Zoya’s Christmas

December 12, 2017 by Patrick Starks


They say when you grow old, that you forget the person you were before, the innocents you once had. However, my sister Zoya would remind that such sayings were just taboo for the ones that needed an excuse—an excuse for their hatred of the world, but more so their pain. It was just two days away from Christmas and I was already exhausted by anything that had the meaning of jolly behind it, but Zoya would then tell me of a story—about the little girl ghost next to her side, when she turned forty.

Before I had grown to be an adult, Zoya would go through the same depression as I, she was much older, twelve years to be exact. And as a kid, I was always so fascinated by the holidays and the spirit of Christmas, and so was Zoya. Although, the older Zoya got, her delicate mind would begin to rot. Believe it or not, but Zoya had hated Christmas more than anyone I had ever known; never did she write a list to Santa, or leave cookies and milk by the fireplace. Like myself and everyone I knew, Zoya had been hit hard with the realities of life, and unfortunately, that would all become the result of her doubt of love, doubt of friendship, doubt even of family—you name it,  Zoya had become a sad soul.

Zoya had searched her whole life for the happiness she once held, but it would never seem to be within her reach to grab. Zoya looked towards the men she dated, towards the jobs she felt would appreciate her talents. or make her happy, yet still, nothing ever went right for Zoya—it only brought more sadness at the end. But out of all, there stood beside Zoya, her younger self—a heart-felt reminder of who she used to be.

At times, Zoya would find her younger self a pain to deal with, but she managed; after all, how could you be mad at yourself, especially the younger side—so innocent and so fragile.  Zoya even laughed about how our mom would say, “Now you know how I feel,” and I’ll admit it, Zoya and I were a handful as children, but we were good children, no matter what we did—our intentions were always in the right place.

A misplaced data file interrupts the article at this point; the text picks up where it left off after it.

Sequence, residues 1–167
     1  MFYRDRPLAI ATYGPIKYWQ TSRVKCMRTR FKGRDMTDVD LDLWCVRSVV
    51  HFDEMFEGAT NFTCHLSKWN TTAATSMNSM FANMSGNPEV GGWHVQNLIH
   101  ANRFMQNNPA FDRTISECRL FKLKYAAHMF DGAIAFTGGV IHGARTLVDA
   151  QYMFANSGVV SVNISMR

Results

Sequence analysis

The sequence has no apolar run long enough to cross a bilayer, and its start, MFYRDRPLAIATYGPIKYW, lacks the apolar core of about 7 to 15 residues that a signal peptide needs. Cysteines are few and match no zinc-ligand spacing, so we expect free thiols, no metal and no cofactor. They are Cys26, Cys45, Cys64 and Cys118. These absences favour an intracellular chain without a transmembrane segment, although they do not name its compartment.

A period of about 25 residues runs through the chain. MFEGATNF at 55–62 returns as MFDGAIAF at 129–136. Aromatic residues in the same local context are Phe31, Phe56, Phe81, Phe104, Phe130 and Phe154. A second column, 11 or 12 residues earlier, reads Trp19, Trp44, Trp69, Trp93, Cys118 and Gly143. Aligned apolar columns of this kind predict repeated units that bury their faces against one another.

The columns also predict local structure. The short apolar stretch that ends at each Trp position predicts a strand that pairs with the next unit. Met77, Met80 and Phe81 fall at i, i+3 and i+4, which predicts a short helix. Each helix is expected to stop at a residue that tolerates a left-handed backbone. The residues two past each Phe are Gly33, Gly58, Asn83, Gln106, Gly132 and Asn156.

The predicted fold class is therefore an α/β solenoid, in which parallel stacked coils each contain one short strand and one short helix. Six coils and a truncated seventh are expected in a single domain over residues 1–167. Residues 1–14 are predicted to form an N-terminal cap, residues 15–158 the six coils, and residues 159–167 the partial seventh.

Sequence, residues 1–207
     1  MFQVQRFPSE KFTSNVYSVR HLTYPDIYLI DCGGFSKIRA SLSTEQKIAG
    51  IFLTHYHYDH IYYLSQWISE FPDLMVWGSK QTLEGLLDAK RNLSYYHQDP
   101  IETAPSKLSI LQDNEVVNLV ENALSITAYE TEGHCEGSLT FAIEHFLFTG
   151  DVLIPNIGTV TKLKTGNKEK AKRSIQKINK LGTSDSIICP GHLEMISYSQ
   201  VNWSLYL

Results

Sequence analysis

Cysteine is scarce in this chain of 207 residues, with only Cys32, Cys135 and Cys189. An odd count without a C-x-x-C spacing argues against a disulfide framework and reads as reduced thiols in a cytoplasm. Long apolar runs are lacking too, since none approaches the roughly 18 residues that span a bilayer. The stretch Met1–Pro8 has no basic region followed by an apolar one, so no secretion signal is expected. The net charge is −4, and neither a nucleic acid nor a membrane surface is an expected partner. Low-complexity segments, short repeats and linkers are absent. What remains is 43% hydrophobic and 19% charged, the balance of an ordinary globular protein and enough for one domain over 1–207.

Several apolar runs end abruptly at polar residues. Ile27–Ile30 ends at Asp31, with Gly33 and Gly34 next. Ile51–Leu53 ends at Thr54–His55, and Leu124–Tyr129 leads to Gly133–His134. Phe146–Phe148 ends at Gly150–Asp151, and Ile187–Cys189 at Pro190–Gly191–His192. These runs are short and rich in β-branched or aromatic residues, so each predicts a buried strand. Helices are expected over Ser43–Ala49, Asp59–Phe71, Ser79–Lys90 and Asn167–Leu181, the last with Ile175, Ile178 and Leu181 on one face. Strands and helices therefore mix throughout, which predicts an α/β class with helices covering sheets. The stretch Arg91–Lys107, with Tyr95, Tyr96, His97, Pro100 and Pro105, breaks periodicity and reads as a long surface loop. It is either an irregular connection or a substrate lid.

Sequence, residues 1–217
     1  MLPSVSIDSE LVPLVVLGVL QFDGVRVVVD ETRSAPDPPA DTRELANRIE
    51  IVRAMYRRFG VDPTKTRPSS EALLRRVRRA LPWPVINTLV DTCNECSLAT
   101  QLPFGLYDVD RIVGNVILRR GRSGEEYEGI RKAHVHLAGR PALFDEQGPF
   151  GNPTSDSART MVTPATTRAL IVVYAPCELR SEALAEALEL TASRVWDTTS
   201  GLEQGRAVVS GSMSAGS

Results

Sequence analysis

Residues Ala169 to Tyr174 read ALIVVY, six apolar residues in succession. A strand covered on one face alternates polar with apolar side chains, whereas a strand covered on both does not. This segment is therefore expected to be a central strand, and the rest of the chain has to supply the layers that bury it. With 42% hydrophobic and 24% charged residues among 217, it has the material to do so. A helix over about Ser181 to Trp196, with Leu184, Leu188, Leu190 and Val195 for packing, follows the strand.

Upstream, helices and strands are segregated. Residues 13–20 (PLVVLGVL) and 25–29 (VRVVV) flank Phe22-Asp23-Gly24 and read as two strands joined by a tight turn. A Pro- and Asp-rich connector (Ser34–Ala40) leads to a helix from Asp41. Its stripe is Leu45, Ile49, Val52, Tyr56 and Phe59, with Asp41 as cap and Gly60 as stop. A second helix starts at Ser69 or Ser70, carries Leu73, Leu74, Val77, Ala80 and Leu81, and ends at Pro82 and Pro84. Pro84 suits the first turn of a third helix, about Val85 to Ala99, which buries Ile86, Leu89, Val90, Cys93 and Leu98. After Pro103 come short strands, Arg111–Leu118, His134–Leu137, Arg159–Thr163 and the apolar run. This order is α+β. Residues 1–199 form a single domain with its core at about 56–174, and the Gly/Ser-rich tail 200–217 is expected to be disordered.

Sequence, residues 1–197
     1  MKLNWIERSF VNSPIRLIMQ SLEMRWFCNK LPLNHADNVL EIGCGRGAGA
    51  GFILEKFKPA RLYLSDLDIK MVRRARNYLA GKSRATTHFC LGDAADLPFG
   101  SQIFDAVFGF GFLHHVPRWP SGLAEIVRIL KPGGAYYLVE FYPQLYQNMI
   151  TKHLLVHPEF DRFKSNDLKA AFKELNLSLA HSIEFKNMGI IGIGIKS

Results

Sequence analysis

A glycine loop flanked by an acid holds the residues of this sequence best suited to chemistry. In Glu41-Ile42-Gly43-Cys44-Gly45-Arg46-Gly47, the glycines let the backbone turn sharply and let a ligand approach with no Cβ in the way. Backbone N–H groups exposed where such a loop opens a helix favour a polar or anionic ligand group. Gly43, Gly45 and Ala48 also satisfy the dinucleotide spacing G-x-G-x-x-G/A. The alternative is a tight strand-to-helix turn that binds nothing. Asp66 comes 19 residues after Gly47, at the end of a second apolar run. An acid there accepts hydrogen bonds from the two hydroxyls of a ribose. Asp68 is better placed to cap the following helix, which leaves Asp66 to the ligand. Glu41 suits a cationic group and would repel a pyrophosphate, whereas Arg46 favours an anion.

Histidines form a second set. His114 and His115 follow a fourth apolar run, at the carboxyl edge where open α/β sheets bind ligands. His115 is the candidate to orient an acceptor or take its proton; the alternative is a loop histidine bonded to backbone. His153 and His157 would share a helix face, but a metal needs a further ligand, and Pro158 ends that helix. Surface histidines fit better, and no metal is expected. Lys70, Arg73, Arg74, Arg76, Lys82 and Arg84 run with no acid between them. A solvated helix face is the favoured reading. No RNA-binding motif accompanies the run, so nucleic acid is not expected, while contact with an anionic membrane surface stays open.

Saddened by tears of Zoya, “Young Zoya,” decided to take her older self on a hike around town. They went to the obvious first, which was the mall. Every, anything you could think about was there—toys, dresses, video games, elves, reindeer, fake snow, Christmas music—a truly authentic winter season. Zoya seemed to be within the present for just a moment until she and her younger self would see something they had not seen for a while—Santa Claus. His cheeks were red as Rudolph’s nose, and belly full of cookies and milk as it was fully exposed. His Beard white as snow, but one could feel warmth from the laughter that rowed.

“You have got to be joking,” said Zoya. Her younger self just nodded and pointed, as she clenched tightly onto the chocolate colored teddy bear she was holding.

Zoya was afraid, she felt unworthy, somewhat embarrassed to sit on Santa’s lap, but somehow still found herself embraced within the warmth of his coco infested body.